My favourite subject in archaeology (Ancient Pottery)
Monthly Archives: June 2015
Seeing that I love birds I thought this post from Squirrel Basket would be nice for my fellow bloggers to enjoy.
In May and June there have been plenty of baby birds in the garden and I have been trying to capture them. Mostly I have been disappointed. My pictures are rubbish, really. But I felt I wanted to share them just to prove the variety of species we have breeding in our backyard.
The first spot of the year was
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When we first moved from England to come and live on this lovely Island of Crete I was not too concerned about having a garden. This was because previously we had large gardens which entailed lots of work and mowing of lawns. So the first house we purchased here in Crete had no garden but a very nice, but small courtyard where I could just grow flowers in pots. After all we were retired, and thought the less work we had to do the better so that we would have plenty of time to explore the island and enjoy ourselves. This of course is what we did for about two years. However, as time went on I found I was beginning to miss having a garden. I also missed having a pet around the house so decided I would have a pet dog, another excuse for a garden for him/she to roam around with some freedom.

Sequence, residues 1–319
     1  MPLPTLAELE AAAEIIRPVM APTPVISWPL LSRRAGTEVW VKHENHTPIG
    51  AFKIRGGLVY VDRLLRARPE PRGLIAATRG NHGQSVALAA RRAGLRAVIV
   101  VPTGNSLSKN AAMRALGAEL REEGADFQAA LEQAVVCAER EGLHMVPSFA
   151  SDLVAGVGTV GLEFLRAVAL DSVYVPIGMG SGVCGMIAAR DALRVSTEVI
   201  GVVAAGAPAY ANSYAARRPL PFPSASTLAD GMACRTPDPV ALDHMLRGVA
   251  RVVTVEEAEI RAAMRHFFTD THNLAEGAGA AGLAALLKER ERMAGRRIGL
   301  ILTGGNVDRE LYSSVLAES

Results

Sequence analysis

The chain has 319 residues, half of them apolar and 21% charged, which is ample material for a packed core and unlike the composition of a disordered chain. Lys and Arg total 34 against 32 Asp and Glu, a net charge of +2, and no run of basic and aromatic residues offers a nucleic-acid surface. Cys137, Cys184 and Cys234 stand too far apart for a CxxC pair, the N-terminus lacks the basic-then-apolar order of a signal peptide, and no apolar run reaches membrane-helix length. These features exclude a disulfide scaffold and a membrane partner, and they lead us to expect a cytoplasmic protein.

It is unusual to find a house with a garden in a village, because most of the villagers have separate plots of land where they grow their vegetables as well as olive trees. However, we finally found this house we call ” ExLibris ” because it was once an old library as well as a taverna at some stage way back in time. So it has quite a bit of history attached to it. Yes it has a garden, well it is a garden now but when we first purchased the place it was just a plot of ground with nothing but weeds. It had been empty for 30 years so of course it had to be renovated which took around 4-5 months to complete. In between time we had a rescue dog which had been found on one of the mountains just abandoned with three other puppies, and I mean newly born puppies. It was my friend who, while walking her dog found them,she reared them for 12 weeks after which I had Ben who I am sad to say we lost only last year. I like to think he was happy with us, we had lots of fun together and we miss him very much.
Ben age about four years old.
ENJOY a walk with me around our garden in Crete.
This is my favourite place where I can sit and read as well as listen to the Canaries singing in the aviary. Notice Bens basket under the swing because I still can’t bring myself to part with it.
John’s Aviary. The garden swing is through the path to the left .
Here are some baby finches born this year.
Budgerigars choosing their nesting boxes. They do have their favourite places.
Balcony overlooking the garden. You can see how high our lovely Acacia trees have grown which are wonderful for the shade.
And these are the beautiful pink and white pom-pom type flowers which give off a wonderful fragrance especially during the evening.
Aviary door open for fresh air in the aviary. There is also a fan inside to keep the birds cool during the hot summer months.
And lastly you can just see the sea from the balcony from which there is a cool breeze most days.
The Aghia Triada Sarcophagus